“As academic staff suffer and ever more power is granted to donors, one slice of university staff seem to be doing very well. It took Oxford 40 years to catch up with Cambridge in appointing a woman vice-chancellor, but Louise Richardson is to take over from the chemist Andrew Hamilton. He is leaving early to head New York University for an eye-watering £950,000 a year. His successor will inherit a more modest but still whopping £442,000 a year. That’s what happens when a university is run like a biggish corporation — the head is paid like a chief executive. Chief of the problems Richardson has to get to grips with is the extent to which the real business of the university — teaching and research — is being subordinated to its bureaucracy.” “How come our cash-strapped universities can afford so many administrators?” by Melanie McDonagh.
This short article reviews contemporary forms and practices of university branding and marketing, and links these to the broad-based neoliberal structural transformations taking place in all aspects of university education around the globe. It argues that the ascendance of university branding and marketing practices is both symptomatic and constitutive of the new raison d’ être of universities, which is to serve as points for the circulation and reinvestment of overaccumulated finance capital. Given the university’ s new role as private business, corporate entity, and investment bank, we can no longer imagine that its branding and marketing practices are politically or ideologically neutral; indeed, the position we take in relation to university branding efforts has broad implications for the future of free research and education around the globe. “The Politics of Branding in the New University of Circulation” by Alison Hearn in International Studies of Management and Organization.
“In the past 40 years, BOGs have been stacked with members of the corporate elite. As Canadian universities have been defunded by governments and have had to rely on alternative sources, captains of industry have used their alleged financial ability and multiple corporate directorships as leverage. BOGs at so-called elite universities like McGill, Toronto, and Queen’s have included directors from Teleglobe, TD Bank, Molson, Noranda, and Bombardier. BOGs at universities in different regions of Canada, like Calgary, Laval, and Dalhousie have included directors from RBC, Scotia Bank, TD Bank, Coca-Cola, and Bank of Canada. All universities are now drawn into the same net as decision-making power is vested in corporate representatives.” ‘We must compete’: Corporate elite leveraging public universities into private profit by Alexander Ervin and Howard Woodhouse on Rabble.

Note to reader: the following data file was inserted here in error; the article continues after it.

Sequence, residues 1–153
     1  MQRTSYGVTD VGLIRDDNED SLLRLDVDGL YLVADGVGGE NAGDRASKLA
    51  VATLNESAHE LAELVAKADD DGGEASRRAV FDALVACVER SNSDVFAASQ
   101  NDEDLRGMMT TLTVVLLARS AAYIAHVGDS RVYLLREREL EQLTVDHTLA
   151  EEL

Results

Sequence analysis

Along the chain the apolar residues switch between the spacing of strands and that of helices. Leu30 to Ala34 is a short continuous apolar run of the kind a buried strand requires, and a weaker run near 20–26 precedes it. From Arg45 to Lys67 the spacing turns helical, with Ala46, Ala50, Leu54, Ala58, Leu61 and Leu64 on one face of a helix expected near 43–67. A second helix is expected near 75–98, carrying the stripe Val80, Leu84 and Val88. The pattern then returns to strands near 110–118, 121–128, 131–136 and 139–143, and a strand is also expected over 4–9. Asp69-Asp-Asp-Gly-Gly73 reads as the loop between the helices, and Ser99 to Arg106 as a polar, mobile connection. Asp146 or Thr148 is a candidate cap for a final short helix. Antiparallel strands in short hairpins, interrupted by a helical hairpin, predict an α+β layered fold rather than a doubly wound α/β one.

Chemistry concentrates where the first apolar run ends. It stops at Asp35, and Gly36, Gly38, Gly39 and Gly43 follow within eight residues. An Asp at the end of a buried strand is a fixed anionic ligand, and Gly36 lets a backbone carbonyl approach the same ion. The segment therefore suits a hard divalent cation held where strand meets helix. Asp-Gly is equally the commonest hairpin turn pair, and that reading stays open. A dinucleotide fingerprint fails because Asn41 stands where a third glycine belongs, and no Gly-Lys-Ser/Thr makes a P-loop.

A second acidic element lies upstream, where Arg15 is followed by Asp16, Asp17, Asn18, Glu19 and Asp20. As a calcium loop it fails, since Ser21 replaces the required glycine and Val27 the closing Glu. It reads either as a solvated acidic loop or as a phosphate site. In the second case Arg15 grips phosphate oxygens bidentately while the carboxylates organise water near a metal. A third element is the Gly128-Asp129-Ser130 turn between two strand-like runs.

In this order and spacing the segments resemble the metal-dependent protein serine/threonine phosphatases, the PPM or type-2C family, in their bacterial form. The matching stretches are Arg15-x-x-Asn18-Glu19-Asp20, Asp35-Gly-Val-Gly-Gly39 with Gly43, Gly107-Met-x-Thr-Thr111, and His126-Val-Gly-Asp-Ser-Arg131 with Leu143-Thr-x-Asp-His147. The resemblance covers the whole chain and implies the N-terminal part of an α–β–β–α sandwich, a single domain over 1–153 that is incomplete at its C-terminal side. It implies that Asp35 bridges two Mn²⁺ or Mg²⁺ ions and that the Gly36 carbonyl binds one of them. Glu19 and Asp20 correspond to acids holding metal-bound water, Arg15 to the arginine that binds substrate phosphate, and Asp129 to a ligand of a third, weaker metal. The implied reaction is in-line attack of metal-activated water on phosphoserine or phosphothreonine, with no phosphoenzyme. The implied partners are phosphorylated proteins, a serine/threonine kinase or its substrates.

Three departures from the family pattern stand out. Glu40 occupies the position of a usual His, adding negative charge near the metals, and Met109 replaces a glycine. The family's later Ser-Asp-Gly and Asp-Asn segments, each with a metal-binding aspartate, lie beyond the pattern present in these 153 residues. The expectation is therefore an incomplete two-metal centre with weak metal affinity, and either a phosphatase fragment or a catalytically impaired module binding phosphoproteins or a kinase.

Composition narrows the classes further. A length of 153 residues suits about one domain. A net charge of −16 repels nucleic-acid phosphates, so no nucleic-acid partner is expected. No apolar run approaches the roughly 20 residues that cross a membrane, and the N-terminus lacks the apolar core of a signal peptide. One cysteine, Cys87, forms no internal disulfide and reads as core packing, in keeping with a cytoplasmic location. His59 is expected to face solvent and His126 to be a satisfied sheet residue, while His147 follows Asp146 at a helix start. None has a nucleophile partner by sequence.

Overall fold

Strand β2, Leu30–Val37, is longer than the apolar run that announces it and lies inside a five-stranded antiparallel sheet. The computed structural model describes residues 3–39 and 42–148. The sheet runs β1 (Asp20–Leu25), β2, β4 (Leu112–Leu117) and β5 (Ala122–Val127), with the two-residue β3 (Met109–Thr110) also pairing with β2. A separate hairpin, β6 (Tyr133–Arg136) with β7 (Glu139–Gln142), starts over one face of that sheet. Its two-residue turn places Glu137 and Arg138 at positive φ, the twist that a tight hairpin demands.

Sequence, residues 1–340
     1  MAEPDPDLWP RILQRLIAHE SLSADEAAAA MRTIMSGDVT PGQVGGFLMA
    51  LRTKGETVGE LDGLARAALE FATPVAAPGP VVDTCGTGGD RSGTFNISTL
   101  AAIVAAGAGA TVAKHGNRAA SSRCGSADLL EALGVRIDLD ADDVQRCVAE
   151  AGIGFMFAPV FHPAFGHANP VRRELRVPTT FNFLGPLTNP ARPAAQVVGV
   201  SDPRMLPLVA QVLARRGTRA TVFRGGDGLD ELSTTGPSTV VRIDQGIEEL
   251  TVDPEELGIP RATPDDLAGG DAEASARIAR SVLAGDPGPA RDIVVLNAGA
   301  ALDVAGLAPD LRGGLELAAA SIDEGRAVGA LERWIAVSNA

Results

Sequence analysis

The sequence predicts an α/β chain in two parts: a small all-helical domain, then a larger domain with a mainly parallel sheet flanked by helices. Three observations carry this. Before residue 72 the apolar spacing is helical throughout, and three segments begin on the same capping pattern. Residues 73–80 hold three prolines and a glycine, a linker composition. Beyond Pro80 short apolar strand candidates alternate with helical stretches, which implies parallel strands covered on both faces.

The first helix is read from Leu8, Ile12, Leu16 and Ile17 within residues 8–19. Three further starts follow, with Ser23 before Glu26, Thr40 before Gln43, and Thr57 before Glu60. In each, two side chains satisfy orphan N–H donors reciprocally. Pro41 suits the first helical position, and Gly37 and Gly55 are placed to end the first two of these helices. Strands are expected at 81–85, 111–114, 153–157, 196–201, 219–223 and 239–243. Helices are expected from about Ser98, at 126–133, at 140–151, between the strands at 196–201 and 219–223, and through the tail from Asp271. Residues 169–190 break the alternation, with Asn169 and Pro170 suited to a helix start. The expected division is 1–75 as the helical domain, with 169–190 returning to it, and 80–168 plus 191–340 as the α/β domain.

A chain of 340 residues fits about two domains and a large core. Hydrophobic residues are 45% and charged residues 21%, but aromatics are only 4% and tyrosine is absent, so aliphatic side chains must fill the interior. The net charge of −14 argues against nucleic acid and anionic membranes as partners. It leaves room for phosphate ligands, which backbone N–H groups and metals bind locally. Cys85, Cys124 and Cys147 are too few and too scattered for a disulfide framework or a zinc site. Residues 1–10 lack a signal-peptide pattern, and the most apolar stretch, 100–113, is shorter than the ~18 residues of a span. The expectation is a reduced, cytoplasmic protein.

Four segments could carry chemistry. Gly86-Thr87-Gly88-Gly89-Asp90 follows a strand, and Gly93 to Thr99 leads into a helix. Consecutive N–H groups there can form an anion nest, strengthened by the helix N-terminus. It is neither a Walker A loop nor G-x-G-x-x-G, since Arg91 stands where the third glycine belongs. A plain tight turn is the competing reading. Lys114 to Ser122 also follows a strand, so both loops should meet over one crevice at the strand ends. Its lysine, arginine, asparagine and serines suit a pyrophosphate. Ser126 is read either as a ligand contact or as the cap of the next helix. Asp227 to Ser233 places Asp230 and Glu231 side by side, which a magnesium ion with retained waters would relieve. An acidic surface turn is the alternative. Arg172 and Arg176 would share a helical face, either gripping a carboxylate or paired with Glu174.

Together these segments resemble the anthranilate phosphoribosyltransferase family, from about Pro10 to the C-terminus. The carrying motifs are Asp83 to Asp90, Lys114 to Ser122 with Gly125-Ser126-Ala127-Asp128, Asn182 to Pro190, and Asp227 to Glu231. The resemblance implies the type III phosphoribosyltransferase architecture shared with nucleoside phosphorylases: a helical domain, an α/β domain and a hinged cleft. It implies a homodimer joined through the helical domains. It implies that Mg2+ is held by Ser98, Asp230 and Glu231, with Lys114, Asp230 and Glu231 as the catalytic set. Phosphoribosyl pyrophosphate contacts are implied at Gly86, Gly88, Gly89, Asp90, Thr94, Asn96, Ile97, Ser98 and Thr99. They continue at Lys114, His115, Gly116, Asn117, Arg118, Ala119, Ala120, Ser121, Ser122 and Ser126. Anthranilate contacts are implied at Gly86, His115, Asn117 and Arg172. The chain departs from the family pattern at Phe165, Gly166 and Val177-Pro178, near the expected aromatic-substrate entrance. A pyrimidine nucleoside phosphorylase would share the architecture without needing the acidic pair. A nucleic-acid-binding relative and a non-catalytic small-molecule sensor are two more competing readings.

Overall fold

“The debate over working conditions for adjunct faculty was recently reignited by the death of Margaret Mary Vojtko on September 1. Vojtko, who had a long career as an adjunct professor at Duquesne University in Pittsburgh, Pennsylvania, died penniless after being fired from the university in the last year of her life. Her story served as a reminder of what has become a massive underclass of underpaid contingent labor in academia.” Interview with an Adjunct Organizer: “People Are Tired of the Hypocrisy” by Moshe Z. Marvit in Dissent.
by Justin Podur: “…another shock is coming to the university community: the SHARP budget model, or “activity based budgeting”. Like other damaging shocks to the community, this is being prepared in secret, away from the eyes of those who will be affected by it. Details of the budget model are embargoed, and faculty are told only vague promises that the model will provide additional transparency. Units have been threatened that when the new model comes in, there will be huge new deficits that are an artifact of the new way of accounting for things.” More…
“…a major factor driving increasing costs is the constant expansion of university administration. According to the Department of Education [US] data, administrative positions at colleges and universities grew by 60 percent between 1993 and 2009, which Bloomberg reported was 10 times the rate of growth of tenured faculty positions.” The Real Reason College Tuition Costs So Much by Paul F. Campos on The New York Times.
“Teach Higher is a company which will effectively outsource hourly paid academic staff, whereby they will no longer be employed directly by the university but by a separate employer: ‘Teach Higher’. Teach Higher has been set up by Warwick University-owned ‘Warwick Employment Group’, and is about to be piloted at Warwick University. But it is a national company, which intends to be rolled out across UK universities.” Warwick University to outsource hourly paid academics to subsidiary on Fighting Against Causalisation in Education.
On August 19, 2013 McMaster University Professor Henry Giroux spoke at the third Ontario Common Front General Assembly. ““I can’t think of a better way to defuse the possibility among young people of the radical imagination than to place them into so much debt that for the next 20 years, all they can basically think about is paying that debt back,” Giroux says early in the clip in a section called ‘Student Debt and Generational Welfare.'” Watch video here.
Oil and gas industry funding has corrupted research at the University of Calgary’s Institute for Sustainable Energy, Environment and Economy (ISEEE), according to former head of the centre, climate scientist David Keith. More…
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